We are open and ready for your visit! Be sure to read the parameters for visiting us on an active military base, listed below. ALL members of your party who are over 16 MUST have valid ID to enter the base- the driver alone WILL NOT BE ACCEPTED.

Cape Henry Lighthouse is the first federally funded public works project of the newly formed United States government. It was authorized by George Washington and overseen by Alexander Hamilton. The Lighthouse is situated near the “First Landing” site where English settlers first set foot on their way to settle in Jamestown. Built with the same Aquia sandstone as much of Washington, D.C, the lighthouse guided sea travelers to safety for almost 100 years. The distinctive black and white striped “New” Cape Henry Lighthouse was built in 1881 but remains closed to the public.

Preservation Virginia members placed a tablet on the tower in 1896 to mark the site of the “First Landing” and in 1930 an act of Congress deeded the Lighthouse and surrounding land to our care.

Today, Cape Henry Lighthouse is surrounded by the Joint Expeditionary Base Fort Story (JEBFS). Please review the guidelines provided by JEBFS for entering the military base before your visit.


583 Atlantic Avenue
Fort Story, Virginia 23459


The lighthouse is open seven days a week, from 10 a.m. to 4 p.m. 


Plan your visit

Cape Henry Lighthouse is open seven days a week, from 10 a.m. to 4 p.m. 

*All climbers must be at least 42″ tall. Adults are not permitted to carry children.

Children 15 years old or younger must be accompanied by an adult at all times.

Please note: During the summer months, the temperature at the top of the tower can reach extreme levels. Cape Henry Lighthouse will close the tower when the heat index inside reaches 125°. We also close the tower during thunderstorms and when lightning has been spotted. Visitors will still be able to walk to the top of the dune and shop in the museum store. Winter weather advisories also may effect the opening of the tower.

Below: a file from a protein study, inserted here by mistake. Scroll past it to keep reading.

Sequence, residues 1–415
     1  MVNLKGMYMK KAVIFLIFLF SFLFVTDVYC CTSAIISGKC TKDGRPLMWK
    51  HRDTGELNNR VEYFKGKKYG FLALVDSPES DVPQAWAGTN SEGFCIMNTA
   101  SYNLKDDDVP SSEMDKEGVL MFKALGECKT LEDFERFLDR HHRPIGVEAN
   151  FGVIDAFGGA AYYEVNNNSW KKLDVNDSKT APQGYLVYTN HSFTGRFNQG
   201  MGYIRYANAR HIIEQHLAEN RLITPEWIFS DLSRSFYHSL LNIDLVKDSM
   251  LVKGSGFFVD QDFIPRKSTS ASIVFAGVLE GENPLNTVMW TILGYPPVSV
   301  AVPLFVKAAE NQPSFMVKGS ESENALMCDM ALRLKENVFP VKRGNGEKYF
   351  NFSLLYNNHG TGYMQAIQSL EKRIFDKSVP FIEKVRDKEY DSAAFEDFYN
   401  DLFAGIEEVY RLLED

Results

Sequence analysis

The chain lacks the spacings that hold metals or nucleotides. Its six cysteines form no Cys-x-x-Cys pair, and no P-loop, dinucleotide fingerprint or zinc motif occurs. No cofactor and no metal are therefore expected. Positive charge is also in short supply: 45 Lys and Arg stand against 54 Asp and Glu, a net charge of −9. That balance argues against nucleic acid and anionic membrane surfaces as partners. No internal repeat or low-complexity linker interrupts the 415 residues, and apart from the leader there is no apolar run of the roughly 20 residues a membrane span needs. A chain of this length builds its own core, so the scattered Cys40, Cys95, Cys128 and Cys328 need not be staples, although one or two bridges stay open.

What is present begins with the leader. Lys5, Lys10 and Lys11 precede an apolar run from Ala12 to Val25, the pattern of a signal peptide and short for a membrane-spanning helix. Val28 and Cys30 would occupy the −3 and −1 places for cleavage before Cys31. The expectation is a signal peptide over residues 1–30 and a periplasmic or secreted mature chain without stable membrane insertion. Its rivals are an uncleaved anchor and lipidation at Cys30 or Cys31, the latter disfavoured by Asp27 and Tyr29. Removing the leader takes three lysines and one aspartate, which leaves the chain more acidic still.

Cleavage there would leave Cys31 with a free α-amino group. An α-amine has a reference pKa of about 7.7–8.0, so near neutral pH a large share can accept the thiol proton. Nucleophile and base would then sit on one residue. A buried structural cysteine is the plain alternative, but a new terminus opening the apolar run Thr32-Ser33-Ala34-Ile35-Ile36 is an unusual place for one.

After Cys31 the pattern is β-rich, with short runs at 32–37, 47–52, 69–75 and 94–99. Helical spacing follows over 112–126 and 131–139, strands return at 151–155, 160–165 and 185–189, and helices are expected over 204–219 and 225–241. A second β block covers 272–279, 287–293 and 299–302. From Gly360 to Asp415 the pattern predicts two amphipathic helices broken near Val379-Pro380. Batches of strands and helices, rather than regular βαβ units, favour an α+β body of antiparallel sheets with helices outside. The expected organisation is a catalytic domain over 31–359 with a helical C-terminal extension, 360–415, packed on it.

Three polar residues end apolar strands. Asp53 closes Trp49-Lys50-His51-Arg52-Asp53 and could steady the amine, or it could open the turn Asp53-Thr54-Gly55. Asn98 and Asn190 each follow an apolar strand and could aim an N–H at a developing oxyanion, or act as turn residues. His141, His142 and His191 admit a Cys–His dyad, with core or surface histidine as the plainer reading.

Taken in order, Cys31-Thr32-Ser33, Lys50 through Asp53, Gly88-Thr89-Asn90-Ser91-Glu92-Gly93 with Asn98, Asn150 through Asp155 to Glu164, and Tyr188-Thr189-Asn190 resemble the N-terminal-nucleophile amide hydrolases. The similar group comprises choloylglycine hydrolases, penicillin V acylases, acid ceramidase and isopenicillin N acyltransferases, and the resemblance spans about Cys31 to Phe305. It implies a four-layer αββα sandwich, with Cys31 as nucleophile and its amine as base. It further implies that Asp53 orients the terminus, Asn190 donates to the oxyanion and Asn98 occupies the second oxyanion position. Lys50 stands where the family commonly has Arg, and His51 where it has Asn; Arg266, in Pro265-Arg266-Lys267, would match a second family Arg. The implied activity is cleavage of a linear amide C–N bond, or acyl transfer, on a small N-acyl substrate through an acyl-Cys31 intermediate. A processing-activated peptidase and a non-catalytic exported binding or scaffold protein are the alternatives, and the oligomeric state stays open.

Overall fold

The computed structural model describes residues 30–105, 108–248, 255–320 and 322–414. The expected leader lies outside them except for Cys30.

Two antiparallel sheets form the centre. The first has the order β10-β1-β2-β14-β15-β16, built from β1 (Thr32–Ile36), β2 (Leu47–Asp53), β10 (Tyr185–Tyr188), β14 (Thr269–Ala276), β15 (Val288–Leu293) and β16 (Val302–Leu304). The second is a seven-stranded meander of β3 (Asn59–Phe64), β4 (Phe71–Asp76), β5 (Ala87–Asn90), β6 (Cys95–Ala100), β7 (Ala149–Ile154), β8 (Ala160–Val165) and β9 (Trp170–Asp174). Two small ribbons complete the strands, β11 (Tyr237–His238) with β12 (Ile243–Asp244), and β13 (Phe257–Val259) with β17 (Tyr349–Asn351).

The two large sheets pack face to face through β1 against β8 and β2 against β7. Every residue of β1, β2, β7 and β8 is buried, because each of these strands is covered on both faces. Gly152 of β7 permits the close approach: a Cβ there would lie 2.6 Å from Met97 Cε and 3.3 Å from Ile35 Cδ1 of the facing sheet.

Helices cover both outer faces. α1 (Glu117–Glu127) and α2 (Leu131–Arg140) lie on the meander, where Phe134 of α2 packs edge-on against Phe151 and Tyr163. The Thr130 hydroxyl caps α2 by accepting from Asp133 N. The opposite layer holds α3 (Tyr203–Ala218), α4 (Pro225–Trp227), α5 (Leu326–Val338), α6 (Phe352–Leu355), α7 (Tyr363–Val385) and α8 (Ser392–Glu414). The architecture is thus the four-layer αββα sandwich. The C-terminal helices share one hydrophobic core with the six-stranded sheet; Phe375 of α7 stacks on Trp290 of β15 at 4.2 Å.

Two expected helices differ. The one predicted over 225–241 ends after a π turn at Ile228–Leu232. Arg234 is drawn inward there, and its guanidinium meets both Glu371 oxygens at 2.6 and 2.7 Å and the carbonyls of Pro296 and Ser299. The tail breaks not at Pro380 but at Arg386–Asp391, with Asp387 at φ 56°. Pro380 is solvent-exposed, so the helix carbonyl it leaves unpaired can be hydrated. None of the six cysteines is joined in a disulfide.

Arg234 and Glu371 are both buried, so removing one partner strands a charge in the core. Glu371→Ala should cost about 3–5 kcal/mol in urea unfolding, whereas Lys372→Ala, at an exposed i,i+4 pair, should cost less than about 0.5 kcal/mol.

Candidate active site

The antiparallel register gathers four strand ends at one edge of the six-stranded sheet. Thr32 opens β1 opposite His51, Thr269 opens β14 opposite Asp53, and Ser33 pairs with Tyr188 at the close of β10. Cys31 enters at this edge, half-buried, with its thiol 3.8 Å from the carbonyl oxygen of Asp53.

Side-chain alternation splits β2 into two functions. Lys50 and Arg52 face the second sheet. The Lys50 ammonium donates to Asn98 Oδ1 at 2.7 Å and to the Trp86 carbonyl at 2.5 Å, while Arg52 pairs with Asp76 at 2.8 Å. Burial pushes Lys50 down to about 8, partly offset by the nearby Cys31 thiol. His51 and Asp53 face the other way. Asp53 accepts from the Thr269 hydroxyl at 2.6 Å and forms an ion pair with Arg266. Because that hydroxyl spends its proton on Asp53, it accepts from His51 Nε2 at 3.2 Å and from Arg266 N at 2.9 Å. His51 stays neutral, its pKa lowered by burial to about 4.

Cape Henry Memorial

Visit the nearby National Park Service site where the first English colonists landed in April 1607.


Key Visitor Info

Before visiting Cape Henry Lighthouse, please be sure to read the additional information at the bottom of this page. This information includes guidance on location, arrival, and rules and regulations.


Hours & Directions

Cape Henry Lighthouse is open seven days a week, from 10 a.m. to 4 p.m. 

Tours stop 45 minutes prior to closing.

January 3 to March 15: 10 a.m. to 4 p.m.
March 16 to October 31: 10 a.m. to 5 p.m.
November 1 to December 30: 10 a.m. to 4 p.m.

Closed Thanksgiving, Christmas Eve and Christmas Day, New Years Eve and New Years Day, and January 2.



Preservation MembersFree (Become a member)
Combination Ticket (includes tower climb)$14
General Admission$10
AAA, Senior (60+), Military Discount$9
Student Discount$8
Caregiver for any person with a disability protected under the ADAFree
Tower Climb (limited availability)General Admission Pricing

Guests must be 42″ or taller to climb the Cape Henry Lighthouse.


For information on pricing and availability: